Saturday, 10:30 a.m. - Pure Mathematics
Pablo Solis, Stanford University
Title: Natural Cohomology on P1 x P1
Abstract: I’ll begin with a discussion of the classification of vector bundles on P1 and explain what natural cohomology means in this context. Then I’ll consider the case of vector bundles on P1 x P1. In general vector bundles on surfaces are more complicated but a useful tool allows one to reduce many problems about vector bundles to questions of linear algebra. This is the theory of monads. I’ll discuss monads and show how they are used to prove a conjecture of Eisenbud and Schreyer about vector bundles on P1 x P1 with natural cohomology.
Saturday, 10:30 am - Applied Mathematics
Yuan Liu, Mississippi State University
Title: Development of High Order Bound-Preserving Numerical Methods
Abstract: Hyperbolic equations have wide practical applications including fluid dynamics, astrophysics, biological sciences and many other areas. High order structure-preserving numerical methods, which can preserve certain properties of the underlying models are efficient for solving such partial differential equations. In this talk, we will discuss the bound-preserving property of hyperbolic equations, that is maximum-principle-preserving property for scalar conservation laws and positivity-preserving property for hyperbolic systems such as compressible Euler equations and ideal magnetohydrodynamic (MHD) equations. The first part of the talk is about a simple sweeping technique that can be generally used to construct high order bound-preserving finite difference/volume methods and spectral methods for scalar conservation laws. In the second part, we will utilize a parametrized flux limiter to develop high order finite difference/volume WENO schemes, which hold bound-preserving property for both scalar and system cases.
Saturday, 1:00 p.m. - Pure Mathematics
Xuwen Zhu, University of California at Berkeley
Title: Deformation Theory of Conical Metrics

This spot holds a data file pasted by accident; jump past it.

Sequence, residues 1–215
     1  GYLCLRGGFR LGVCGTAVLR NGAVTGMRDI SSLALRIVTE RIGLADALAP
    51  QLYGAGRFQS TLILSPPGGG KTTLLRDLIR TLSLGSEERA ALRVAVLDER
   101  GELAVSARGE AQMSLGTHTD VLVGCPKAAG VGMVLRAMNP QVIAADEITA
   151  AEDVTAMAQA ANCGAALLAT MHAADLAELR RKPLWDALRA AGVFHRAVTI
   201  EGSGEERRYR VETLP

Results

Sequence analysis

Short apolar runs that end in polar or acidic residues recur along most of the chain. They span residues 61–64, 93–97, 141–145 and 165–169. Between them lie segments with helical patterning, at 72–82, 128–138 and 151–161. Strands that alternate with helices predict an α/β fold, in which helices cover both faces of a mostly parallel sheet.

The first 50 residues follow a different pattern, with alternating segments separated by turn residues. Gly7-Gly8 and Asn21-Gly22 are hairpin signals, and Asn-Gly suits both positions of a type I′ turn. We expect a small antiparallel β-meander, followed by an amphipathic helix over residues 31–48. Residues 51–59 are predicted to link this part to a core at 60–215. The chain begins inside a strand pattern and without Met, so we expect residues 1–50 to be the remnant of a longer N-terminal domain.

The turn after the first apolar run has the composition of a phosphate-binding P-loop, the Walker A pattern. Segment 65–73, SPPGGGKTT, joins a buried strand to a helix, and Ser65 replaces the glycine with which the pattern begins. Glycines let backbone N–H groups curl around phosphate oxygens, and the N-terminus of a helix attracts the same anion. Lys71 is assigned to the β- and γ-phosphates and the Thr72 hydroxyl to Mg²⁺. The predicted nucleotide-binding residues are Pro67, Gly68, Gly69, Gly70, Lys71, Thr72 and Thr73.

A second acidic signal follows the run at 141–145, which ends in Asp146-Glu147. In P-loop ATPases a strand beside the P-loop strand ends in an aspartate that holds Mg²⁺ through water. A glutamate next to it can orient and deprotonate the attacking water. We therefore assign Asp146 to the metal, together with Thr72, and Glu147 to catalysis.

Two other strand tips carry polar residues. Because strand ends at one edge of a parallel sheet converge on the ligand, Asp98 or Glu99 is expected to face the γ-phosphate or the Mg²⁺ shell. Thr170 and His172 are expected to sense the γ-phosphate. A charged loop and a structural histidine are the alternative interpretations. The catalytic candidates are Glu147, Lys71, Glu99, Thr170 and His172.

Abstract: The problem of finding and classifying constant curvature metrics with prescribed singularities has a long history and has seen a lot of development. I will focus on the spherical conical metrics and describe recent work, joint with Rafe Mazzeo, which gives a new and broader existence theorem and shows that the nature of the moduli space of solutions has a different nature than had perhaps been anticipated. In particular, I will describe a new geometric construction of compactified configuration spaces that will enable us to tackle the obstructed analytic problem.
Saturday, 1:00 p.m. - Applied Mathematics
Tamar Shinar, University of California, Riverside
Title: Fluid-Structure Interaction: Numerical Algorithms and Applications
Abstract: Fluid-structure interaction problems arise in a variety of domains, including aerospace engineering, biomedical modeling, and physics-based animation. In this talk, I will give an overview of some approaches to simulation of fluid-structure interaction problems, highlighting recent work in my group on improved partitioned methods. I will also discuss some applications of numerical methods for fluid-structure interaction to the study of biological systems
Saturday, 2:00 p.m. - Pure Mathematics
Christina Vasilakopolou, University of California, Riverside
Title: Hopf and Frobenius algebras: generalizations and the Larson-Sweedler Theorem
Abstract: Hopf and Frobenius algebras are of central importance in many branches of mathematics, especially representation theory and topology. The Larson-Sweedler theorem provides conditions under which a Hopf algebra is Frobenius. In this talk, we recall the concepts of Hopf and Frobenius algebra in the classical setting of vector spaces as well in any monoidal category. We also introduce their many-object generalizations: Hopf and Frobenius enriched categories. These let us prove a many-object version of the Larson-Sweedler theorem, which generalizes the classical one from vector spaces to broader contexts.
Saturday, 2:00 p.m. - Applied Mathematics
Betul Senay Aras, University of California, Riverside
Title: The Importance of the Eggshell During Polarization in the Early C. Elegans Embryo
Abstract: Polarization, whereby molecules and proteins are asymmetrically distributed throughout the cell, is a vital process for many cellular functions. In the early C. elegans embryo the asymmetric distribution of cell cytoskeleton during the initiation of polarization leads to asymmetric contractions which are higher in the anterior and lower in the posterior of a cell. The C. elegans embryo is surrounded by a rigid body, the eggshell, which functions in numerous cell processes. We investigate the structural support of the eggshell during the establishment phase by tracking the moving cell surface using phase field method. We incorporate reaction-diffusion model of protein dynamics involved in polarization into the membrane evolution. We conclude that the eggshell might have a role in cell polarization by preventing the distortion of cell surface.
Organizers